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The iconic 125-year-old Lick Observatory on Mount Hamilton near San Jose, California, is facing the threat of closure...
Recent results from the Curiosity Mars rover have helped scientists formulate a plan for the next phase of its mission...
A new, remarkably powerful drug that cripples the hepatitis C virus (HCV) came to market last week, but it sells for $...
In pretoothbrush populations, gumlines would often be marred by a thick, visible crust of calcium phosphate, food...
Evolutionary biologists have long studied how the Mexican tetra, a drab fish that lives in rivers and creeks but has...
Victorian astronomers spent countless hours laboriously charting the positions of stars in the sky. Such sky mapping,...
In an ambitious project to study 1000 years of sickness and health, researchers are excavating the graveyard of the now...
Stefan Behnisch has won awards for designing science labs and other buildings that are smart, sustainable, and...
- 12 December 2013 1:00 pm , Vol. 342 , #6164
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Biological Treasure Under the Sea
4 August 2003 (All day)
The ocean has biodiversity hotspots that rival the richness and variety of life found in tropical rainforests, according to a new study. As the first worldwide search for such hotspots, the research strengthens the argument for new marine protected areas and pinpoints areas where such no-fishing zones would be most effective.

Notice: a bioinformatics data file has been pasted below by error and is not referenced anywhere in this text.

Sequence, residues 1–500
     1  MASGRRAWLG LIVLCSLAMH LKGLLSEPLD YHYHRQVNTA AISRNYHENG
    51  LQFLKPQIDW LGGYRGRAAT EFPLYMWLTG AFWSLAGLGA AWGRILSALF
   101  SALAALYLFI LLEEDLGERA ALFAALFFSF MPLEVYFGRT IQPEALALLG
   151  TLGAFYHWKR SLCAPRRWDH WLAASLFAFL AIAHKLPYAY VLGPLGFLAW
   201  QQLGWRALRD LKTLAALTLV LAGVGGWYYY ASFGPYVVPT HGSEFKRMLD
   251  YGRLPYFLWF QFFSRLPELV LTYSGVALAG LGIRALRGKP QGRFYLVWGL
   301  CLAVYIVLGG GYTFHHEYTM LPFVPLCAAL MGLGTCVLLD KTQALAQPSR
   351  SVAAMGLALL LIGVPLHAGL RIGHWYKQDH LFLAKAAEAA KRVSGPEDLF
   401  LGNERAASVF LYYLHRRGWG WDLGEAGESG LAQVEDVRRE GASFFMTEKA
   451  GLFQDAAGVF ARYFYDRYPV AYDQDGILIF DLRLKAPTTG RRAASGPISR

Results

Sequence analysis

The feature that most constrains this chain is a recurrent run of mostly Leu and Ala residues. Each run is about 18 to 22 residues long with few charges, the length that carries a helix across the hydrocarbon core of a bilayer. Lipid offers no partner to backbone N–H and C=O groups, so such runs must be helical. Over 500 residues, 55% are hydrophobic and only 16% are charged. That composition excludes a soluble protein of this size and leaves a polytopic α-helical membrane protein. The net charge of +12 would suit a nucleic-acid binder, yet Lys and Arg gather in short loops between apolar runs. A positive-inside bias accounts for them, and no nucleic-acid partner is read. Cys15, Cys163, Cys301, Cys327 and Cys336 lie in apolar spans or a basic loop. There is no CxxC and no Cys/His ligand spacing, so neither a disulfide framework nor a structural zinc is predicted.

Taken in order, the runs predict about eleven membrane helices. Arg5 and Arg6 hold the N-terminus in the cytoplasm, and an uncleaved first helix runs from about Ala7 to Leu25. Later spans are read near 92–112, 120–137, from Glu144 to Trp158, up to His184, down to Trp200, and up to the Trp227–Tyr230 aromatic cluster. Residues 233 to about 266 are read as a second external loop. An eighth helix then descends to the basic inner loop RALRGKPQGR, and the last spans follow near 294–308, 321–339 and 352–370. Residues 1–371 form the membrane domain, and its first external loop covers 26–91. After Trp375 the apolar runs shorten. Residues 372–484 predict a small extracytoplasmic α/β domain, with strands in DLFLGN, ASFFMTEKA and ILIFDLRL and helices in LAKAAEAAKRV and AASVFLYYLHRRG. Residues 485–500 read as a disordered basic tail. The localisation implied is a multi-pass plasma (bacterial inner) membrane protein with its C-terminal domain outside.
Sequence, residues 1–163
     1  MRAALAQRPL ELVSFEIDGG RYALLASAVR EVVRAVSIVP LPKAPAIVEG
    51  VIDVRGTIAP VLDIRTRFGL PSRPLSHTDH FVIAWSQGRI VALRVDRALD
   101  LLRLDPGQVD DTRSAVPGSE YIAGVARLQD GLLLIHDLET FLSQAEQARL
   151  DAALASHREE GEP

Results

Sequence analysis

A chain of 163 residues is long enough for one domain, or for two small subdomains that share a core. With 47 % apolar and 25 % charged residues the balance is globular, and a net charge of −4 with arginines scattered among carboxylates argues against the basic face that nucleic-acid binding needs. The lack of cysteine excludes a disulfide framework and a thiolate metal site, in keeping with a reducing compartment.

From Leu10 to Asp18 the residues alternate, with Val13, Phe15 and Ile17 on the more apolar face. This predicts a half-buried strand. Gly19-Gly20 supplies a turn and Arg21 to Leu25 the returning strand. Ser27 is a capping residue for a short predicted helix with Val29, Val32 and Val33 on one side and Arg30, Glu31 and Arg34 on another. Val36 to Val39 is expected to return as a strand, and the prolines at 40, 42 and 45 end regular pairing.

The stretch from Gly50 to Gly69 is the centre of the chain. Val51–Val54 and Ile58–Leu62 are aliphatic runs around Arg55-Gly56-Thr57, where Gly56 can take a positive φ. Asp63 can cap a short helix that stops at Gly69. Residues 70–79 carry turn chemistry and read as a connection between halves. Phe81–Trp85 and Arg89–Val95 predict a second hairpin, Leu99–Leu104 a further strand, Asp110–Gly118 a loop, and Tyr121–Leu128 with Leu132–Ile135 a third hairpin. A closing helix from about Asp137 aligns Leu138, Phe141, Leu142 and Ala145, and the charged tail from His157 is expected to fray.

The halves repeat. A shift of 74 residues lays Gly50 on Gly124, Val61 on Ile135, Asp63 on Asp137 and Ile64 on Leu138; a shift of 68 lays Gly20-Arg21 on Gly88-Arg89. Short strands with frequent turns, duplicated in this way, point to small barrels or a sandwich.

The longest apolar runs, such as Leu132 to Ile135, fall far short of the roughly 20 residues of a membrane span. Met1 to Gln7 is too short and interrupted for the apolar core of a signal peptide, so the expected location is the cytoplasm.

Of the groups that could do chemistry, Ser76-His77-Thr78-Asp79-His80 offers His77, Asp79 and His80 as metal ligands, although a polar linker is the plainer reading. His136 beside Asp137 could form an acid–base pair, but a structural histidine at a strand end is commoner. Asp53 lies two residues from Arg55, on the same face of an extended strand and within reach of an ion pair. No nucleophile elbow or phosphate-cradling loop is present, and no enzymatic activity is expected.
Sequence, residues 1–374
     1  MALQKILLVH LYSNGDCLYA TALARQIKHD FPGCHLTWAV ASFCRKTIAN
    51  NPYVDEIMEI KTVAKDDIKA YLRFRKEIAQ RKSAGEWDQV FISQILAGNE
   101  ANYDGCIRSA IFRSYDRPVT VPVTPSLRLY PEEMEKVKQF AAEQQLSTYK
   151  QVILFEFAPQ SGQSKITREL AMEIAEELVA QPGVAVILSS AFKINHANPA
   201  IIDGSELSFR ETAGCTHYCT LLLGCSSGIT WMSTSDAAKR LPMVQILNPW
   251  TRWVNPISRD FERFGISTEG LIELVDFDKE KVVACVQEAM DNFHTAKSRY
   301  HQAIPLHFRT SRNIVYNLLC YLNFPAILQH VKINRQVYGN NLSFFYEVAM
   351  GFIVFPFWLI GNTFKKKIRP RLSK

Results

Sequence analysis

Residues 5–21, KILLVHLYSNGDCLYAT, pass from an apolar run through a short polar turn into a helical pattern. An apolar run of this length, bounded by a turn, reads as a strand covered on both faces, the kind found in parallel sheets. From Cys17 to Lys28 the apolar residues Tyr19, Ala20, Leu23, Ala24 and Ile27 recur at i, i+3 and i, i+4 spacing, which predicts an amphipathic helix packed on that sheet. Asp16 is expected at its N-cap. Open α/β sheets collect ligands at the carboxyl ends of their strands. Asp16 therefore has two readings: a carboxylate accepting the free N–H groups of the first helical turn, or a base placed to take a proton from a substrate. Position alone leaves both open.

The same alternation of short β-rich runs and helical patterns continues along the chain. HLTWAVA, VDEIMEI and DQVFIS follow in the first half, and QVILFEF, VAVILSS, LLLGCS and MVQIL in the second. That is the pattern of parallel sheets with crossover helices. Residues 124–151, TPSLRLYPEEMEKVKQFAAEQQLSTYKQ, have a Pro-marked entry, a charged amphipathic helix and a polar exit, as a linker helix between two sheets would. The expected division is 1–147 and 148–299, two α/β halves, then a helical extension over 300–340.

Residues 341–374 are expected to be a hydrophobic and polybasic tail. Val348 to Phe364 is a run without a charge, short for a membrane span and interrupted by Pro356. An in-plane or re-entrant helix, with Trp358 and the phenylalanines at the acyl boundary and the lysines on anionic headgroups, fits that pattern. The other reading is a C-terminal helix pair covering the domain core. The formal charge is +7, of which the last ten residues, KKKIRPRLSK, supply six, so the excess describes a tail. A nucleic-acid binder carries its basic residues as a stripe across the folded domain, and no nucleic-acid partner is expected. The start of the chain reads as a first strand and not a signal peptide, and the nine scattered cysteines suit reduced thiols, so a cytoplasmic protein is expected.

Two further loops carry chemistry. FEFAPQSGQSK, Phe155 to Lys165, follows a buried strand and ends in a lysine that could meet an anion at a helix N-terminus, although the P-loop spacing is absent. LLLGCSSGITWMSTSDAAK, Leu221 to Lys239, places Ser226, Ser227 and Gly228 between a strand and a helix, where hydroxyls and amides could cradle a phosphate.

Many studies on land have located regions that are home to a remarkable abundance of species; that knowledge has been a great boon to conservation efforts. But little work has been done to investigate hotspots of diversity in the open ocean, where species tend to be more mobile. Marine ecologist Boris Worm of the Institute for Marine Science in Kiel, Germany, tackled the problem with Ransom Myers at Dalhousie University in Halifax, Canada, and others as part of a long-term project that has documented dramatic declines in fish and shark species worldwide (ScienceNOW, 14 May).
In a new paper, the scientists analyzed data from fishing boats. They used data of fish caught at depths less than 200 feet recorded by independent observers placed on the boats, and they supplemented that data with boat logbooks. Using two measures of species diversity, they found that hotspots are concentrated between 20° and 30° latitude. Hotspots tended to be closer to shore and near features such as coral reefs, seamounts, and islands. That's because these waters provide a variety of habitats and are rich in nutrients. Computer models suggested that the hotspots are optimal sites for no-fishing zones because they contain many species, but lower numbers of animals than elsewhere, perhaps because of competition between species. Because the catch of fish in these areas was lower, such measures would protect many species but wouldn't cut into the total catch as deeply, the authors argue in their report, published online this week in the Proceedings of the National Academy of Sciences.
But marine ecologist Enric Sala of Scripps Institution of Oceanography in La Jolla, California, and others warn that even targeted marine reserves likely aren't not enough to resuscitate dwindling populations without more stringent overall limitations on fishing.